Reflecting the interest in these new models of disease management, McAlister and colleagues  updated their earlier systematic review of chronic disease management for patients with heart failure. Grouping telephone and telemonitoring studies together, they demonstrated that these remote monitoring techniques lead to a reduction in heart failure hospitalisations, but had no impact on all-cause hospitalisation rate or mortality. More recently Clark et al.  reviewed 14 studies involving 4,264 patients in a meta-analysis of remote monitoring, with studies grouped into those that evaluated telemonitoring or those that evaluated telephone support. They confirmed similar results across the models of remote monitoring: a 20% reduction in mortality, a 21% reduction in heart failure admission and no difference in all-cause hospital admission when remote monitoring was compared with usual care. They concluded that these newer models of care offered patient advantage particularly where patients had difficulty accessing specialised care. However, these models of remote monitoring vary considerably in the parameters they monitor and in the involvement of both the patient and health professional, and therefore require further analysis if we are to understand their effective components.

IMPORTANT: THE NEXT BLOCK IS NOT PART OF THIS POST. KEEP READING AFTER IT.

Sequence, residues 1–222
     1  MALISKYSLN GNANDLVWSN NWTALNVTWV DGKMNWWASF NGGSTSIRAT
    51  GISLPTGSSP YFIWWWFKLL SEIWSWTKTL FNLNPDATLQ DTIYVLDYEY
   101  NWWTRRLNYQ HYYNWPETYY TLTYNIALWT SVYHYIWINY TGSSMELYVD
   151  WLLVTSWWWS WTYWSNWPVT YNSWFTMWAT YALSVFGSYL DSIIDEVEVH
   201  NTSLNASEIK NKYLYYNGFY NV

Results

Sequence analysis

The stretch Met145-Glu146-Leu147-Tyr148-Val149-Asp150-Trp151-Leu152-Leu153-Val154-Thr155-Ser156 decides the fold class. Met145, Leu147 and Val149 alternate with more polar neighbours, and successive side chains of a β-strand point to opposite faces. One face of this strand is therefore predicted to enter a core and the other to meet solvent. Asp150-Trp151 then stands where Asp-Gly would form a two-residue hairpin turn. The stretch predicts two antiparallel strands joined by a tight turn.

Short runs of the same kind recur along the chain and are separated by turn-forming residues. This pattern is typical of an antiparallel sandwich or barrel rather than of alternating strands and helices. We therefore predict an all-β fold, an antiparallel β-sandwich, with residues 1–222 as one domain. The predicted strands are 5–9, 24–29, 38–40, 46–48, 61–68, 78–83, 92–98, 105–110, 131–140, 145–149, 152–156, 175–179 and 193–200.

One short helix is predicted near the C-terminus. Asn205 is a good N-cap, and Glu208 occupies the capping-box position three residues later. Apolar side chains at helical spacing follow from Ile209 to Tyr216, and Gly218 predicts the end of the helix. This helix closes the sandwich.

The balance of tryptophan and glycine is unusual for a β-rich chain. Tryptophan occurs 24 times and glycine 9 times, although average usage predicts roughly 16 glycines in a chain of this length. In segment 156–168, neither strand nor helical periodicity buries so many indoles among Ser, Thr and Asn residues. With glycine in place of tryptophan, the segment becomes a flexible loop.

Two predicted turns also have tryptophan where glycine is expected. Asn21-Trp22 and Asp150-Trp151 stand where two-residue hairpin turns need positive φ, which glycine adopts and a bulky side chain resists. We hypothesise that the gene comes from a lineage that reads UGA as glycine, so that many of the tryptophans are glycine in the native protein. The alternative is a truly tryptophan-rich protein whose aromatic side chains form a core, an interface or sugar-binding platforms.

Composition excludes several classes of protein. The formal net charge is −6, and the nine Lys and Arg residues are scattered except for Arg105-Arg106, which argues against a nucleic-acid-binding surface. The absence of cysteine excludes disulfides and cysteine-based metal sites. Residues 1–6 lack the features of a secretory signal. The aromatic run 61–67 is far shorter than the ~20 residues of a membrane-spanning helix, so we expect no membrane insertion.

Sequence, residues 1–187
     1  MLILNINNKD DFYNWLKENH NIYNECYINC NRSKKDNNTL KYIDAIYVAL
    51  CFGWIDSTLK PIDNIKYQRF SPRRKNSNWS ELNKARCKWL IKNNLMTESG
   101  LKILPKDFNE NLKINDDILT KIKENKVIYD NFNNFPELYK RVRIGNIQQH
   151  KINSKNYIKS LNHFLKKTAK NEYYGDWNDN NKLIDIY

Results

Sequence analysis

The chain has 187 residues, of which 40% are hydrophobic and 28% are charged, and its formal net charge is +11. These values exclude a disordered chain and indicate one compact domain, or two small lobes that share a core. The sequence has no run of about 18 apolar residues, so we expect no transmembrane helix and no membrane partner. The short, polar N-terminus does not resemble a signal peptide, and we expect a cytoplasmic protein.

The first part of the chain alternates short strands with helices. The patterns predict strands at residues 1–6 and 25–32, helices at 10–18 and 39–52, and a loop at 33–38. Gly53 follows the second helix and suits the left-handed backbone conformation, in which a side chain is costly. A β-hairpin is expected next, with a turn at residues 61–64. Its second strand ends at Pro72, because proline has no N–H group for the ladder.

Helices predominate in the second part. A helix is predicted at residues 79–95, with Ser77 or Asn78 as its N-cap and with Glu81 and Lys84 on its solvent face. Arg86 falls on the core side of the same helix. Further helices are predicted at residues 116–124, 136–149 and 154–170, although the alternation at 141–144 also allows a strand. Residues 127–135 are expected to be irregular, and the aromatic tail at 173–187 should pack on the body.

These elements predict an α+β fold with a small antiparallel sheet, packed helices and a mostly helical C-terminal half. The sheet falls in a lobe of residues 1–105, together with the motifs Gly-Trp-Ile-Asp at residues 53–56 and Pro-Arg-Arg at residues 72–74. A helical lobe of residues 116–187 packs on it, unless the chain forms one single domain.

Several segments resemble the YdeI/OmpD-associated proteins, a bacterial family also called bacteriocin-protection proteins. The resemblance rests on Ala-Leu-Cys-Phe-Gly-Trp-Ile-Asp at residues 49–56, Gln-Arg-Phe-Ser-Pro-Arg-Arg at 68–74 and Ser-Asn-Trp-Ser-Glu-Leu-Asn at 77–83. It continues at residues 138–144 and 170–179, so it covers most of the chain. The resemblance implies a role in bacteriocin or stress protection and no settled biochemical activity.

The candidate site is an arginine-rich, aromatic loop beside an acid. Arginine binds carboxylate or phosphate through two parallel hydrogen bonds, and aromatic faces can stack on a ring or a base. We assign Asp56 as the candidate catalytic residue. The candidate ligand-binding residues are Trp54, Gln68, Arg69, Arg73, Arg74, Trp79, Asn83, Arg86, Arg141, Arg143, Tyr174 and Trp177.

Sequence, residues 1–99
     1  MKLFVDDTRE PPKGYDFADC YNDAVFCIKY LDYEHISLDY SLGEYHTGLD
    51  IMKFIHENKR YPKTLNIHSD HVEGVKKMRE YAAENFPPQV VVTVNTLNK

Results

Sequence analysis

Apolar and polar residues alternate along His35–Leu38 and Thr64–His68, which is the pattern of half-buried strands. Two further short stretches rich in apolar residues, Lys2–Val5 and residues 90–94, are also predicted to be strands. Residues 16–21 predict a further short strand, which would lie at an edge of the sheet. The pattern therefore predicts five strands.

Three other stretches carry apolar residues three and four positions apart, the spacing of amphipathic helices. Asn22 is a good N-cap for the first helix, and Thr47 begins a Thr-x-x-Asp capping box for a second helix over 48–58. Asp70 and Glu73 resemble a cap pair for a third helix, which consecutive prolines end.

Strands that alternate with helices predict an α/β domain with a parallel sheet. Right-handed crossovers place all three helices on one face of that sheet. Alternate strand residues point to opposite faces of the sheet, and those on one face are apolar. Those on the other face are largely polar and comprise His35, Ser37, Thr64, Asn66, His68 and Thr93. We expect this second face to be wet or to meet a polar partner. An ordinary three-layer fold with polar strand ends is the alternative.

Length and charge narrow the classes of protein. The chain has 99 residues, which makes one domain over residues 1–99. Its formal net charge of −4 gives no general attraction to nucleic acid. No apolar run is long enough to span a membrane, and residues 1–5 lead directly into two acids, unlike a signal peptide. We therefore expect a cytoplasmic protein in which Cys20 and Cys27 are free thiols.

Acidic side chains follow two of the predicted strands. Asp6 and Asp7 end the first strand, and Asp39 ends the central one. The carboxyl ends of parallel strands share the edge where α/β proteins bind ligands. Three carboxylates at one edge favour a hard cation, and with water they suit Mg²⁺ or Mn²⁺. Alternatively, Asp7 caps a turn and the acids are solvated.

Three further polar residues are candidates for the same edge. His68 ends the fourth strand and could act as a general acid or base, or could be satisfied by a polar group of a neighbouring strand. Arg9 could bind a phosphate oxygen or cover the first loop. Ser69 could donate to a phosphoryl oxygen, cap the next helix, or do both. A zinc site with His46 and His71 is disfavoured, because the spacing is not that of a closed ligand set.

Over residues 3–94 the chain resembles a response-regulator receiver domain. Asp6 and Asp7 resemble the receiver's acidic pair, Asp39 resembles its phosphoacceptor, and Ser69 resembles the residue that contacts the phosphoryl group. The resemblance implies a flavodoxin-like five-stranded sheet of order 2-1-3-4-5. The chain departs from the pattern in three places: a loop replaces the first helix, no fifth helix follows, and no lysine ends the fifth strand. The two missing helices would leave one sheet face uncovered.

Models of remote monitoring were initially developed using the patients' home phone line. Structured phone support enables the patient to report their self-assessment of symptoms and receive verbal advice and education, usually on a monthly basis . More complex models enable the transfer of physiological data by the patient inputting their data through a telephone touch-pad . Increasingly, remote monitoring involves the home installation of simple to use electronic equipment such as weighing scales, blood pressure, and heart rate and rhythm monitors to record vital signs linked to the normal home phone-line. The patient uses the monitoring on a daily basis. The clinical data is encrypted and transmitted for professional review at a remote central station [5,6]. As wireless technology develops, data transfer is becoming possible without the need for a direct phone connection.